Directed by James Ivory, Produced by Ismail Merchant, Screenplay by Ruth Prawer Jhabvala, Based on Howards End by E. M. Forster
Cast, Anthony Hopkins, Vanessa Redgrave, Helena Bonham Carter, Emma Thompson, James Wilby, Samuel West, Jemma Redgrave, Prunella Scales, Music by Richard Robbins, Percy Grainger (opening and end title), Cinematography Tony Pierce-Roberts, Edited by Andrew Marcus, Production company, Merchant Ivory Productions
Edwardian period piece.
This remastered release of the classic Merchant and Ivory Howard’s End depiction of the E.M. Forster’ 1910 novel is a favourite and is seen as one worthy of revived rerelease. It has not worn that well and is a reminder that when it was made in 1991 it gave of a wiff of sentimentality which Tory Britain resided under and still does. It reflects on handed down residue of imperial warfare when things are not entirely explained. The question of how we arrived at this state. Forster is essentially playful and creates characters with complexities of a backstory and the Anglo-German was to be a prescient but fateful insert with how alike the nations of wealth were like. It was an age of industrial growth and come hell or high water money was to be made and flights to be taken ships to despatch people to far ends of the earth and Henry Wilcox a true British capitalist is one to take interest in all things colonial. The import export world of trade and stealing wealth in the form of their minerals of helplessly under developed nations such as in Africa and the Middle East where oil wealth was a bottomless pit. The wars stay outside the nation.
There is a conceit or play on names with the Schlegel family of an Anglo German bourgeoisie class, with whom the Wilcox’s become entangled and unexpectedly so. The conceit being maybe a realisation of the already modern Europeans. The brittleness of the comedic almost farcical leanings of both families, across each other’s lives in a time when place and position were unable to recovery from slight and mishap is something Forster and the duo of that pairing of Ismail Merchant and director James Ivory, who were not just creative partners but life partners, savour.
At least the upper crust were not ridiculing themselves but a colonial pairing who got the absurdity of the characters extremely observantly. It set out a past which Britain could reflect on. The suffragette period and optimism of nations trading withoutvwarring but the warring and colonialism of French, Spanish, English were kept of their respective shores. The wealth of Henry Wilcox is burgeoning throughout and property after property, become acquired – Mayfair, Shropshire, Somerset – so as to present the period as one where the acquisition of money was enabled by compliance to the golden rule of buy cheap sell high. In whatever commodity regardless of its origin could facilitate it.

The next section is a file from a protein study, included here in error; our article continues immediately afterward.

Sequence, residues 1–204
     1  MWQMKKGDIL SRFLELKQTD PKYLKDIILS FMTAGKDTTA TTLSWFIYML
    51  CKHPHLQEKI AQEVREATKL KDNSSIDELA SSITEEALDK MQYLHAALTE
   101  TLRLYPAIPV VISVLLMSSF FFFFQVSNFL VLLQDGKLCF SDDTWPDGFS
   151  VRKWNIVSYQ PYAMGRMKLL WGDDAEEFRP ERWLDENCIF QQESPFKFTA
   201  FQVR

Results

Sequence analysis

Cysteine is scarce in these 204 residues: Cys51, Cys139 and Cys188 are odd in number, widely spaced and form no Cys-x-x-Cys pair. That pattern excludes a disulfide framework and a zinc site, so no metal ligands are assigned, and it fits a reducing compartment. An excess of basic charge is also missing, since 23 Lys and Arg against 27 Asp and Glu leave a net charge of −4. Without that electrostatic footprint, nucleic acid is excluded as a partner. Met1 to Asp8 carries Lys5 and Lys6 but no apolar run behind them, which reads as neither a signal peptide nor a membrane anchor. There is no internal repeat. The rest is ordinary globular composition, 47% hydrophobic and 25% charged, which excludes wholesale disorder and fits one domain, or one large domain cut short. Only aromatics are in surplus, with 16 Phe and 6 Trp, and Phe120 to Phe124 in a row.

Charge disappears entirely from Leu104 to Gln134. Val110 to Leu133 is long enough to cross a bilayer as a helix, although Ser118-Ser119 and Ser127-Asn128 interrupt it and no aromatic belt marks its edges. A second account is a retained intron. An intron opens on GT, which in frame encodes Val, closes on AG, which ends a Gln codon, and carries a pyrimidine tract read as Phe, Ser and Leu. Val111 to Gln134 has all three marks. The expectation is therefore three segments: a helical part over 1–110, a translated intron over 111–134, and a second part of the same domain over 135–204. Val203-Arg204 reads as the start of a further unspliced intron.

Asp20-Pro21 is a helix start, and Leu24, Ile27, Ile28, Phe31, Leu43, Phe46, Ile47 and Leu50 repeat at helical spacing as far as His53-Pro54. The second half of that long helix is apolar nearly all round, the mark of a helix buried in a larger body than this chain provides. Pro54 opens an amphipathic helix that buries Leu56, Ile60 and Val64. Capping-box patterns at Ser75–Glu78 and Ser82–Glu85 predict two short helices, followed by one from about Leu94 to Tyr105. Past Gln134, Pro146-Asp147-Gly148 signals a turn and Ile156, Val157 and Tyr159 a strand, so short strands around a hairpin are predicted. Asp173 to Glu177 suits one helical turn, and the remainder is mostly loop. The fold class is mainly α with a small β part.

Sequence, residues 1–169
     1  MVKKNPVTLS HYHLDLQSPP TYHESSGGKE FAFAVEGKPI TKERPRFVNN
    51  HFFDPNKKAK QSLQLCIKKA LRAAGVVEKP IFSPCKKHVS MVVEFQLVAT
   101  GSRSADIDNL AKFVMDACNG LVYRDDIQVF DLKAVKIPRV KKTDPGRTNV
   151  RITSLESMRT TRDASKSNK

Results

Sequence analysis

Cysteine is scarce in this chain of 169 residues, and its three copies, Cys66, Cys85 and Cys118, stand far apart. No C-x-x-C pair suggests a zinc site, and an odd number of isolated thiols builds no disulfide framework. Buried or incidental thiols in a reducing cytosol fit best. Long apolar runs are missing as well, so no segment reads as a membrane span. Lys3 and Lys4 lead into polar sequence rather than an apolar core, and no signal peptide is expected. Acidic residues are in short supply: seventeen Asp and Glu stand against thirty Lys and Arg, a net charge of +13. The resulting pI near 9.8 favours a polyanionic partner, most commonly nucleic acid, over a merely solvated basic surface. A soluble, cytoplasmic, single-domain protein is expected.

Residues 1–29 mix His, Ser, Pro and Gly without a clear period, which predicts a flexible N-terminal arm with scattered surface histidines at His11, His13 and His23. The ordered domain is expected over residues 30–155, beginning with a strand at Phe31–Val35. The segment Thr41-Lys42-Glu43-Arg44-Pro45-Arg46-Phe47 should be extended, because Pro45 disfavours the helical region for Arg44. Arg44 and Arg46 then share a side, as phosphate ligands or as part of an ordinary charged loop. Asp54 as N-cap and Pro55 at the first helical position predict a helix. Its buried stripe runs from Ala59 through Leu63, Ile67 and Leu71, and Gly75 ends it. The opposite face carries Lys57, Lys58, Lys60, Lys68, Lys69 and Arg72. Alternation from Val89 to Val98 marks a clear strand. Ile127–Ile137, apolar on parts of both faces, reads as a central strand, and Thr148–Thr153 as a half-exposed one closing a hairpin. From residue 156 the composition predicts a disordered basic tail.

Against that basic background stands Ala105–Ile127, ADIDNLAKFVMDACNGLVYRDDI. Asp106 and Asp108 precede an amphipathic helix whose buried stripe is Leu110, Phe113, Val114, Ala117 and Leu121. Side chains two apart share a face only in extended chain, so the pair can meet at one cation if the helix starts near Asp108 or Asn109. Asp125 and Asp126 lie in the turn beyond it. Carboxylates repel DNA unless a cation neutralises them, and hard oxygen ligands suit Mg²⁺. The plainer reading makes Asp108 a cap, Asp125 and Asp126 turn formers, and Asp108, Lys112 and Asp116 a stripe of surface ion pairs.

This makes Howard’s End, the family home where the Wilcox family all grew up all the more portent yet a simple piece off rural England. Possibly Hildenborough in Kent which is renamed Hilton.
Random House provide an excellent readers guide. The following is taken from it.
It was as a university student at King’s College that Forster was first inspired by the liberal humanism of philosopher George Moore, who advocated the contemplation of beauty and the cultivation of personal relations as a spiritual antidote to the rootless, mechanistic ethos of his age. Forster, together with the young men who would later form the Bloomsbury group of writers (Lytton Strachey, John Maynard Keynes, and Leonard Woolf, among others), embraced this challenge to traditional religious morality and to the growing commercial spirit of the time. Forster spent some of his happiest days in this company, a lifestyle mirrored in the Schlegels’ passion for art, friendship, and the life of the mind.
Comparisons are then clearly explored between the two families. One rooted in intellectual (Cambridge is never evoked) the artistic, cultural explorers, pioneering, liberal family the Schlegel’s and the industrial rampant Wilcox family immersed in ideas of commerciality and gain.
Implicit is Forsters unease with the limitations of the Schlegel families oeuvre so he nails each character into a dilemma and we see we’re their true values reside. Margaret played immaculately by a extremely well observed, nuanced performance of Emma Thompson, is the most apparently pragmatically incisive one of the Schlegel family, whose about turn is all too conceited and carried of with superb, carefully careworn empathetic playing. I always have an affinity with a fellow left-hander. Albeit a the fictional one is not within our more worthy characters and I believe it’s realised by Emma Thompson. That about turn is huge.